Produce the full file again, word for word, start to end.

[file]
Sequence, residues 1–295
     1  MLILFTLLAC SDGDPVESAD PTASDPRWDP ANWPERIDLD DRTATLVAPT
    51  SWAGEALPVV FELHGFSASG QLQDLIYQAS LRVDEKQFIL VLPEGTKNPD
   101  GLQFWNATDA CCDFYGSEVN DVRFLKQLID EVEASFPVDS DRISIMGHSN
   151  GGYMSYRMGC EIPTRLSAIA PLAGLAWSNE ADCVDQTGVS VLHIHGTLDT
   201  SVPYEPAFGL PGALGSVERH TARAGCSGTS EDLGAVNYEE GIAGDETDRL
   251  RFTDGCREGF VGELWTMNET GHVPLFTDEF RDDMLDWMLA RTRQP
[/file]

Sequence, residues 1–295
     1  MLILFTLLAC SDGDPVESAD PTASDPRWDP ANWPERIDLD DRTATLVAPT
    51  SWAGEALPVV FELHGFSASG QLQDLIYQAS LRVDEKQFIL VLPEGTKNPD
   101  GLQFWNATDA CCDFYGSEVN DVRFLKQLID EVEASFPVDS DRISIMGHSN
   151  GGYMSYRMGC EIPTRLSAIA PLAGLAWSNE ADCVDQTGVS VLHIHGTLDT
   201  SVPYEPAFGL PGALGSVERH TARAGCSGTS EDLGAVNYEE GIAGDETDRL
   251  RFTDGCREGF VGELWTMNET GHVPLFTDEF RDDMLDWMLA RTRQP